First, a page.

Two-Wheeling Winnipesaukee

Liberty Hill

The Presidential Range it ain't, but the Belknap Range is a pretty cool place to ride. Tucked in among the 2,000-foot peaks are a variety of trails, mostly intended for winter use, but suitable for biking, too. Hang out at one of Laconia's bike shops or a snowmobile dealership, and you'll get tips on some worthwhile trails to explore. If you're in a hurry to start riding, though, this is the ride to do first.

Laconia's hard-core mountain bikers call this loop through the Belknaps a "training" ride (in other words, it doesn't slow them down much). It mostly follows double-track trails that see frequent use by snowmobilers in wintertime and winds through dense forest. An excellent view of the lake and the Belknap Range hits you early in the ride. The trailhead is convenient to Laconia, too.

General location: 3 miles east of Laconia
Elevation change: A lot of ups and downs throughout the ride, adding up to less than 600 feet of gain
Season: Late spring through fall
Services: All services can be found in Laconia.
Hazards: One heavily eroded climb; mudholes and windfall in places
Rescue index: You're within 2 miles of inhabited areas at all times.
Land status: Class VI roads and snowmobile trails
Maps: Page 36 of DeLorme's New Hampshire Atlas and Gazetteer. Also see Laconia quadrangle, USGS 7.5 minute series.
Finding the trail: From NH 11A east, take the first right turn after the US 3 underpass, then a left turn onto Liberty Hill Road. Bear right onto Wild Acres Road; watch for the radio tower on your left. Park by the tower (keep to the edge of the turnaround: it's used by school buses that serve the children's camp a quarter of a mile beyond).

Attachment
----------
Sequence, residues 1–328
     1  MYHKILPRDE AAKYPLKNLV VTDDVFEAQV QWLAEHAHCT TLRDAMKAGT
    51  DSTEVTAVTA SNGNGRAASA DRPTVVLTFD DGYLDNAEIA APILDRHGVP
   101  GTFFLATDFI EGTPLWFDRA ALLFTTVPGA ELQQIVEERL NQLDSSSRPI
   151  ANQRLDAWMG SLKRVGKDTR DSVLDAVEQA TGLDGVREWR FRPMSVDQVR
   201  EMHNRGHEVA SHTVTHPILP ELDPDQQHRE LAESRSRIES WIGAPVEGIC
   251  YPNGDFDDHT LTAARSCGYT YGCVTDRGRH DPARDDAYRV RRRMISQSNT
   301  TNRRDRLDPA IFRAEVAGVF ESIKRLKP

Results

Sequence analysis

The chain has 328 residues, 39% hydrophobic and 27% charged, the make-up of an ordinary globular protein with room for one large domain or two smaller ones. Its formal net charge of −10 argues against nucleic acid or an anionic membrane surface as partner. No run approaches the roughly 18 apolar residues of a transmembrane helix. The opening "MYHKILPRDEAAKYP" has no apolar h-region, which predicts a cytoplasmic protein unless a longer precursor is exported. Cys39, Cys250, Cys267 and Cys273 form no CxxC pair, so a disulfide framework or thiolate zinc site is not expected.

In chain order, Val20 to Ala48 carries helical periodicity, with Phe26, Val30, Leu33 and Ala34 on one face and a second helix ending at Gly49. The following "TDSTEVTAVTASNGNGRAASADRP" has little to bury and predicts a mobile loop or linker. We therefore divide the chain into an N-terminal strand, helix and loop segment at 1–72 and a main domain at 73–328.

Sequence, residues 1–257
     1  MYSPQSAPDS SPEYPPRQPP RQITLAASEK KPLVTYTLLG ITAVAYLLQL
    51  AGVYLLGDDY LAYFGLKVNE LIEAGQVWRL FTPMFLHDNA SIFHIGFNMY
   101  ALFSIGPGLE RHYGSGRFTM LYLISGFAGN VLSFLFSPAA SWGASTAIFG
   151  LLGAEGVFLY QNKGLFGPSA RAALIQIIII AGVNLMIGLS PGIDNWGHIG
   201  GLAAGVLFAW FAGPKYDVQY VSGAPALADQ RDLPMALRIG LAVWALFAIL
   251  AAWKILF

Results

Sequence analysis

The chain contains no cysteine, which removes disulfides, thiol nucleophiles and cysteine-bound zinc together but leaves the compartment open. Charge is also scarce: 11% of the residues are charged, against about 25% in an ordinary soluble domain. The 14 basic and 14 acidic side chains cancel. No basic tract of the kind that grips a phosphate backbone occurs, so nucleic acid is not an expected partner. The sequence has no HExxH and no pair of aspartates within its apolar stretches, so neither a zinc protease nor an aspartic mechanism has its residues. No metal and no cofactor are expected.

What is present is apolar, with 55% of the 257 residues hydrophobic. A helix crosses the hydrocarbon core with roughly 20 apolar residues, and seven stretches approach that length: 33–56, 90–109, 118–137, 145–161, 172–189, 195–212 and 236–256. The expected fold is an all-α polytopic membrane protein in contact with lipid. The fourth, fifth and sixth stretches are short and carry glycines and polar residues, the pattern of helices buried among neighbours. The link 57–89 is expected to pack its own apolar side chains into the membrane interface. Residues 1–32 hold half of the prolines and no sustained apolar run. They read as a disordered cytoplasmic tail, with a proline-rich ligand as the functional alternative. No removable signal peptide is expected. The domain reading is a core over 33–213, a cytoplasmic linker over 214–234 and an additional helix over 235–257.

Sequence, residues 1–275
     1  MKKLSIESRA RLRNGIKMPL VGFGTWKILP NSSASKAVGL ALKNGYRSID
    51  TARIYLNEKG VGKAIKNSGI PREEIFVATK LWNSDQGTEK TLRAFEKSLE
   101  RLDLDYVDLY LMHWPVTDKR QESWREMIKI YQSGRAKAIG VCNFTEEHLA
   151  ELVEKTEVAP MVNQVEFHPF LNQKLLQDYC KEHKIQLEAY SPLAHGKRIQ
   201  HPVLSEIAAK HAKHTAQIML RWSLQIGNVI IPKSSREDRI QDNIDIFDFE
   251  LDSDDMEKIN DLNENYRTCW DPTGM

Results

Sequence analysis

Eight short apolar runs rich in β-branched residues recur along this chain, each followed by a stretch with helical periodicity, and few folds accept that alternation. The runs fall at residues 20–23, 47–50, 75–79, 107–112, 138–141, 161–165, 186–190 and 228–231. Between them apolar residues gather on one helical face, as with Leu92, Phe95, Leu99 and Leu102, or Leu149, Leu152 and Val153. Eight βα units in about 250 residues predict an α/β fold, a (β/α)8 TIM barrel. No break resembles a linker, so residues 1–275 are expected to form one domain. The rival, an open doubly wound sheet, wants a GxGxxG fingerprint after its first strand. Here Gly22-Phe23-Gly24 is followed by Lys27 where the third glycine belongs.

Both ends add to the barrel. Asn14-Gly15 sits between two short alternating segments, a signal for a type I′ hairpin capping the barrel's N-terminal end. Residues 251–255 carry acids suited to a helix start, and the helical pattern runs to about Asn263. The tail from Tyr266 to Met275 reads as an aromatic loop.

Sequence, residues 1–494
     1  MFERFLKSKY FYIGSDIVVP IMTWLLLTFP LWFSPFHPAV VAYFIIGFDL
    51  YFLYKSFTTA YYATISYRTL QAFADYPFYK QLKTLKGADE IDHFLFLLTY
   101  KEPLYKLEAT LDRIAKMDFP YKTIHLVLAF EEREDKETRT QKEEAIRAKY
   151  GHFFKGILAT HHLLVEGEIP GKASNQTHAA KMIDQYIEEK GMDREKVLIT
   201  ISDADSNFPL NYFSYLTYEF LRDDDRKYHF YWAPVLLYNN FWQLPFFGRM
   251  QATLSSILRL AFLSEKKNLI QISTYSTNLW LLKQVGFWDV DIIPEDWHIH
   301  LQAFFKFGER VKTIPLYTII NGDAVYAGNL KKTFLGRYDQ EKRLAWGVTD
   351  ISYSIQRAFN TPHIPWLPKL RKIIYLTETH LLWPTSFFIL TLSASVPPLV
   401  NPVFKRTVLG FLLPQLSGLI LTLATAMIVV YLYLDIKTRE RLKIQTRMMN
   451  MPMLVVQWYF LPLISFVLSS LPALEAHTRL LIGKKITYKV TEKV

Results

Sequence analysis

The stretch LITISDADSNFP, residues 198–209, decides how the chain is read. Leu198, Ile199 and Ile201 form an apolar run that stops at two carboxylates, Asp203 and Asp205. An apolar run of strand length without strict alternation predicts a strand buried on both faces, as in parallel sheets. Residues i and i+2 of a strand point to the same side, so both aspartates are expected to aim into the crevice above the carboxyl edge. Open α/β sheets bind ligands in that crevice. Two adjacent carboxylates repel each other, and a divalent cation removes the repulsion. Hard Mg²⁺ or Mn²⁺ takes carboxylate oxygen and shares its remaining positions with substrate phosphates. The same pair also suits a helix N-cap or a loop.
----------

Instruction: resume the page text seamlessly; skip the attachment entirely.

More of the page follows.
Source of additional information: Mountain Biking and Hiking the Belknap Range of Lake Winnipesaukee, a booklet by local mountain biker Eric Stinson, provides details of this and other rides.

Notes on the trail: From the tower, a side road heads into the woods for a short way. Take it for 100 feet or so, and watch for a trail on your left. Take it through the trees and into a large meadow. If you find yourself enjoying the view, you're on your way!

The trail drops into the woods and zigzags to a jeep trail at the bottom. Turn left and take it for a half mile. Just past the creek, turn right onto a sandy trail, which follows the creek to a paved road. At the pavement, turn right, ride for 0.8 mile, and turn left at the T intersection. The pavement ends at a gate; continue on the Class VI road beyond. The uphill portion of this road is heavily eroded and may reduce you to walking (only for a half mile or so). At the end of the climb, watch for an intersecting trail and turn right (you'll see a large boulder placed in the middle of this trail).

This trail twists through the forest in a generally westerly direction. A few trails branch off—stay on the main one by following the four-wheel-drive tracks and the snowmobile blazes. Eventually you'll reach a T intersection; turn right to follow snowmobile trail"15N," pass a beaver pond, climb one last hill, and you're back at the radio tower.

View: Trail Map

© Article copyright Menasha Ridge Press. All rights reserved.

Published: 29 Apr 2002 | Last Updated: 20 Apr 2011
Details mentioned in this article were accurate at the time of publication


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